Race, Place, Trace: Essays in Honour of Patrick Wolfe (Paperback)
Continuing Patrick Wolfe’s work on settler colonialism
This edited collection celebrates Patrick Wolfe’s contribution to the study and critique of settler colonialism as a distinct mode of domination. The chapters collected here focus on the settler-colonial assimilation of land and people, and on what Wolfe insightfully defined as “preaccumulation”: the ability of settlers to mobilise technologies and resources unavailable to resisting Indigenous communities. Wolfe’s militant and interdisciplinary scholarship is thus emphasised, together with his determination to acknowledge Indigenous perspectives and the efficacy of Indigenous resistances.
In case studies of Australia, French Algeria, and the United States, contributors illustrate how seminal his contribution was and is. There are three core reasons why it is especially important to develop the field of thinking inaugurated by Wolfe: first, because the demand for Indigenous sovereignty has been crucial to recent struggles against neoliberal attacks in the settler societies; second, because a critique of settler colonialism and its logic of elimination has supported important struggles against environmental devastation; and third, because the ability to think race in ways that are not disconnected from other struggles is now more needed than ever. Racial capitalism and settler colonialism are as imbricated now as they always have been, and keeping both in mind at the same time highlights the need to establish and nurture solidarities that reach across established divides.
About the Author
Lorenzo Veracini is Associate Professor of History at Swinburne University of Technology, Melbourne. His research focuses on the comparative history of colonial systems and settler colonialism as a mode of domination. He has authored Israel and Settler Society (2006), Settler Colonialism: A Theoretical Overview (2010), The Settler Colonial Present (2015), and The World Turned Inside Out: Settler Colonialism as a Political Idea (2021). Lorenzo co-edited The Routledge Handbook of the History of Settler Colonialism (2016), manages the settler colonial studies blog, and is Founding Editor of Settler Colonial Studies.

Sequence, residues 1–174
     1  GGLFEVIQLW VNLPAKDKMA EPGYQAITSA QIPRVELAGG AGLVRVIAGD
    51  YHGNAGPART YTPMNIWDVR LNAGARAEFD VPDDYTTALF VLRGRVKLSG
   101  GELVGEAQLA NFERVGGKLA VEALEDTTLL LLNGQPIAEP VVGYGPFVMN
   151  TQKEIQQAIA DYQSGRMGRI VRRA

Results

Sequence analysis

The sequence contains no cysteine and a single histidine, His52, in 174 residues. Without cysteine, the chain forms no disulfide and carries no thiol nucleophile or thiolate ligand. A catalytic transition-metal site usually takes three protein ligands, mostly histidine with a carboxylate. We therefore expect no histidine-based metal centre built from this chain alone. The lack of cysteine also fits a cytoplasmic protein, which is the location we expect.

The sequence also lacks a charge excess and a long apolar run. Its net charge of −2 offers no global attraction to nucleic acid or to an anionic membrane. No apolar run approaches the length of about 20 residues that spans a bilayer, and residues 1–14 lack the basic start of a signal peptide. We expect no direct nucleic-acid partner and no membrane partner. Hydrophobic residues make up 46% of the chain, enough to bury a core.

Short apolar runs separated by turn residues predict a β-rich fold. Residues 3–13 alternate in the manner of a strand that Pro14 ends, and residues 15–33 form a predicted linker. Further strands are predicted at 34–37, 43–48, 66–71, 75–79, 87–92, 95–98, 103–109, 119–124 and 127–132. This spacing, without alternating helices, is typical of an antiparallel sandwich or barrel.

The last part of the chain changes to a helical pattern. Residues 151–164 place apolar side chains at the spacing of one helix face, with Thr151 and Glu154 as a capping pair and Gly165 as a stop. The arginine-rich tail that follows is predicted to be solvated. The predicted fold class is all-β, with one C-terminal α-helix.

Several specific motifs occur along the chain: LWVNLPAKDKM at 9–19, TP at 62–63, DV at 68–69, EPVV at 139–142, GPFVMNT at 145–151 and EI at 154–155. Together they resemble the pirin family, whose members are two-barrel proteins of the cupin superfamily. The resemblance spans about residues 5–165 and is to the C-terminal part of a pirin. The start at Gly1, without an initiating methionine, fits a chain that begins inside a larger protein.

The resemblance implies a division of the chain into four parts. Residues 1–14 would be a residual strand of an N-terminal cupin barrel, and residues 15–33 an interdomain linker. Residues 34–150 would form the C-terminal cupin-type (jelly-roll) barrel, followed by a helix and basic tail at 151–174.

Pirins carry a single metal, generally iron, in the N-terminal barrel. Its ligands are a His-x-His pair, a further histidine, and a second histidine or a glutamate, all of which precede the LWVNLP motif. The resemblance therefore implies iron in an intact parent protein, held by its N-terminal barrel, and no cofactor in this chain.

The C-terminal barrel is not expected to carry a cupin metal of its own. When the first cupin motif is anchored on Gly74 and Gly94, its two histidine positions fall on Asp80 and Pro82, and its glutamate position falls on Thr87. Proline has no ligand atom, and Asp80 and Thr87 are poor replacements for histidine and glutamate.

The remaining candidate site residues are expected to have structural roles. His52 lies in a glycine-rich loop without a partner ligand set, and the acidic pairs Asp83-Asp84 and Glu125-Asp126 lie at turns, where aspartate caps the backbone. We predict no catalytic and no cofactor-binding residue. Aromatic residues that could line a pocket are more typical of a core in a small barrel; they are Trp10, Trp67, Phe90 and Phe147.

Susan Slyomovics is Distinguished Professor of Anthropology and Near Eastern Languages & Cultures at the University of California Los Angeles. She is the author of The Merchant of Art: An Egyptian Hilali Epic Poet in Performance (1988); The Object of Memory: Arab and Jew Narrate the Palestinian Village (1998); Women and Power in the Middle East (co-editor, 2001); The Walled Arab City in Literature, Architecture and History: The Living Medina in the Maghrib (editor, 2001); The Performance of Human Rights in Morocco (2005); How to Accept German Reparations (2014); and L’inévitable prison / The Inevitable Prison (co-editor, 2019). She is currently writing a book on the afterlives of Algeria’s French colonial monuments
“Patrick Wolfe reached into the dark heart of settler colonialism and provided us with a world changing theory, grammar, and politics with which to respond to the ongoing subjugation of colonised peoples. These essays enact the profound legacies of a singular intellectual-activist and demonstrate the enduring power of his analysis.”
—Melinda Hinkson, Director, Institute of Postcolonial Studies and Associate Professor of Anthropology, Deakin University
“Setter colonial studies is impossible to imagine without the concepts that Patrick Wolfe developed over decades of thinking about Indigenous dispossession and racialization. Because colonialism is not ‘post’ in settler societies, the task of theorizing their modalities of domination and erasure remains a pressing task. Race, Place, Trace is a fitting tribute to, and continuation of, his singular legacy.”
—A. Dirk Moses, author of The Problems of Genocide
“Patrick Wolfe would have loved this book. I could imagine him wanting to participate in the arguments that are offered throughout its pages, for all the chapters are infused with the same scholarly rigour and critical passion that characterised his own work.”
—Ghassan Hage, Anthropology, University of Melbourne